Triggered. It has become a loosely applied buzzword, but it is a real thing – especially for those with post-traumatic stress disorder (PTSD). A trigger is “a stimulus that sets off a memory of a trauma...” The tragic murder of hip hop artist, entrepreneur and community activist, Nipsey Hussle, has left an entire community shocked, saddened and triggered. After hearing the news, I waded through social media posts, comments, videos and text messages filled with people describing feelings of anxiety, helplessness, sleeplessness, and anger.

A popular Atlanta based YouTube personality, Roxane or “4itsrox”, dedicated 20 minutes to discuss the emotional distress she, her husband and friends felt in the aftermath of receiving the news. The initial reports of a mere shooting were not surprising to her because “you hear about things like that happening in Los Angeles.” Within an hour, the update on the shooting morphed into a murder. She described a close friend as being “hysterical” over the phone. It took her days to prepare for the video emotionally. As a fellow Los Angeles native, I instantly recognized the despair she felt for the slain artist and the violence that once again terrorized the neighborhood we both considered home.

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At 45 years old, I am a part of an entire generation who grew up in the heart of South Los Angeles during the most violent period in history. I was diagnosed with PTSD a few years ago stemming from the trauma I experienced in the same community as a youth. I was grateful for my therapist, who is an African American woman from Los Angeles and has a deep understanding of my environment. It was not my first time participating in therapy, but it was the first time a therapist educated me on the psychological impact of my experiences as a survivor of Los Angeles’ infamous gangland era.

Many of the friends and family I spoke to in the days that followed Nipsey Hussle’s murder were no strangers to the carnage that plagued the area formerly known as South Central. I vividly remember the crack epidemic and the daily reports of gang-related murders in the late 1980s and early 1990s. As I completed my first year of college, newspapers reported 1992 as the County’s deadliest year with a record 2,589 homicides. For South L.A. residents, it was old news. We, as a community, were the collateral damage in an urban war zone without any resources to address the complex trauma that was only compounded by poverty and racism.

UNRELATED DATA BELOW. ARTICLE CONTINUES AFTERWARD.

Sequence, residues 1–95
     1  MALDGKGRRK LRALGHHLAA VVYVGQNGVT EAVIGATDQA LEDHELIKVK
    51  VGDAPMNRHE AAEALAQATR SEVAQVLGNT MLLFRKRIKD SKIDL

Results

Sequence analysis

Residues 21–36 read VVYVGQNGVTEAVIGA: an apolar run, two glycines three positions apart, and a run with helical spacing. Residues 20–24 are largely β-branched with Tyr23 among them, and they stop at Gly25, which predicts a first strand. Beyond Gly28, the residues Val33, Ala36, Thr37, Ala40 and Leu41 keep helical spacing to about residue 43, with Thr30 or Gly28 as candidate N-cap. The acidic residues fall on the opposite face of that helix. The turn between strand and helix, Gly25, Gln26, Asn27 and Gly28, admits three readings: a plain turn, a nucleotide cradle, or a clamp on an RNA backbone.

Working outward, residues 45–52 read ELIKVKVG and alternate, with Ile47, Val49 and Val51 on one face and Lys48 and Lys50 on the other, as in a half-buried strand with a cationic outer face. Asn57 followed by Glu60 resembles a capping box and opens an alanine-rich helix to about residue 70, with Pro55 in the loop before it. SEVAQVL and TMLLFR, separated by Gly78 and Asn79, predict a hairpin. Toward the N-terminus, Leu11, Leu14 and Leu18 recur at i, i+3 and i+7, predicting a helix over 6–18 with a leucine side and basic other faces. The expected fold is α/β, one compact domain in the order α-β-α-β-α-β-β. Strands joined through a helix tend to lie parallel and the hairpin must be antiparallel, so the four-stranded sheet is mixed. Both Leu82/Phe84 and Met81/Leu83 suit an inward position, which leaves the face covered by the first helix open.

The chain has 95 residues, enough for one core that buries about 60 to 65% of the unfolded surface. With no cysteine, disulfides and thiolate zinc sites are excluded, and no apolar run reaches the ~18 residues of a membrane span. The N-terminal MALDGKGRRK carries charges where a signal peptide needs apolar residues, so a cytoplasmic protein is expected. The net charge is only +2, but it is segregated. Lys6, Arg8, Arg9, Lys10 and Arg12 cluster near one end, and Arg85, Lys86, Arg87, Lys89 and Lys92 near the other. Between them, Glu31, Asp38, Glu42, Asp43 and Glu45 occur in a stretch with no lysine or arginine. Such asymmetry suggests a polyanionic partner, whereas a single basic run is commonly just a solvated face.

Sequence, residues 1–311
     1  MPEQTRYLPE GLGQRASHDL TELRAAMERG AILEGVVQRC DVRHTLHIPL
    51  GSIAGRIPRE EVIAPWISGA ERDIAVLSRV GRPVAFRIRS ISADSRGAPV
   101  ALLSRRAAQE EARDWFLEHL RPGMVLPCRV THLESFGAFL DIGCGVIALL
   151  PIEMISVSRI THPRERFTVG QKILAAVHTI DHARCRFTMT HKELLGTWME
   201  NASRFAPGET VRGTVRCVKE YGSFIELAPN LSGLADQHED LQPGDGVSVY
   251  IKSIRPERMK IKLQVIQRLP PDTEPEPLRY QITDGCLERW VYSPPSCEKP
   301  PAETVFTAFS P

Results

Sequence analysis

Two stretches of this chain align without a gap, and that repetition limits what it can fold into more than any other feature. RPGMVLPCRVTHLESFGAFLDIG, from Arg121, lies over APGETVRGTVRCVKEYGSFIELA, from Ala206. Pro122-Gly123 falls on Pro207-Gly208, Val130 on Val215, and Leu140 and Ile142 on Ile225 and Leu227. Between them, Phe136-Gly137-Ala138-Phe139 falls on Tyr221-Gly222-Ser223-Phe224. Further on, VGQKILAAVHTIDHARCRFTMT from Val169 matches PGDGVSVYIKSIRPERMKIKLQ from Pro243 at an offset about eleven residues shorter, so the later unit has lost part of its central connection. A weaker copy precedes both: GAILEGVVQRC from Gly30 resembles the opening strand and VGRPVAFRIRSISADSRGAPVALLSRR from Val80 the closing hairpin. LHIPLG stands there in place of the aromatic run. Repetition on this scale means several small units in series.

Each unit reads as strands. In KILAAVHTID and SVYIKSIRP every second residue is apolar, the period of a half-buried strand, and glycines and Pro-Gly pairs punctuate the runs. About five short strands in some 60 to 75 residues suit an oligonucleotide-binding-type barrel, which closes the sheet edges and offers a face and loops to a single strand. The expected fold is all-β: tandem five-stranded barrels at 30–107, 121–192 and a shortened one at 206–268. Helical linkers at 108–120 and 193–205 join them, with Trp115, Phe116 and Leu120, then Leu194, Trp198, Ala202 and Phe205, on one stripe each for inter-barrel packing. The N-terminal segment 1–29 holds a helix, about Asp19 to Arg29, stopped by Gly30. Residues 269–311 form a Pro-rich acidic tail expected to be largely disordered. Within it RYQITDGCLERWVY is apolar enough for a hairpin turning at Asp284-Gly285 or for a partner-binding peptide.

By the first grade, I knew my school, Hyde Park Elementary, was in the middle of one of the most notorious gang territories in Los Angeles. Rollin’ 60s Neighborhood Crip gang (the same “set” Nipsey acknowledged having ties to) emblazed every wall of the school’s perimeter. It was not uncommon to hear stories on the playground of whose brother, cousin or father was shot the night before. Sometimes my classmates would cry, some would pick fights, while others sat motionless in class staring into space. Where were the school counselors or trauma specialists? Who could any of us turn to help process our fears, grief, and anxiety?

In 1992, the Los Angeles Times reported a survey of 40 randomly selected high school students in Compton and South Central assessed for PTSD.  Seven of the students easily met the criteria. They were untreated. A UCLA resident psychiatrist responded to the results by noting, “The sample is representative that we have a problem on our hands.” For individuals living in South Los Angeles during this period, was there an increase in addiction, incarceration, violence, depression or suicide among this population as time passed?

Although studies show that residents of violent neighborhoods are just as likely to develop PTSD as military veterans, the reporting, resources, and education on this data pale in comparison to what we know about challenges soldiers face when returning home from war. A surge in violence is occurring in Los Angeles, again. The time is now to not only report on the crime statistics but also discuss the mental health fallout from events like Nipsey Hussle’s murder.

Community leaders in South Los Angeles are once again calling for healing to take place. We will continue to hear about the vigils, meetings, prayers and a stadium level memorial. The tweets, images and news reports will certainly serve as a trigger for some, leaving us anxious, numb and helpless. Do not ignore your emotions. Access your natural supports in family and friends, take a break from the news, journal your thoughts and explore mental health resources through Mental Health America, PTSD Alliance, the Association of Black Psychologists or the National Latino Behavioral Health Association.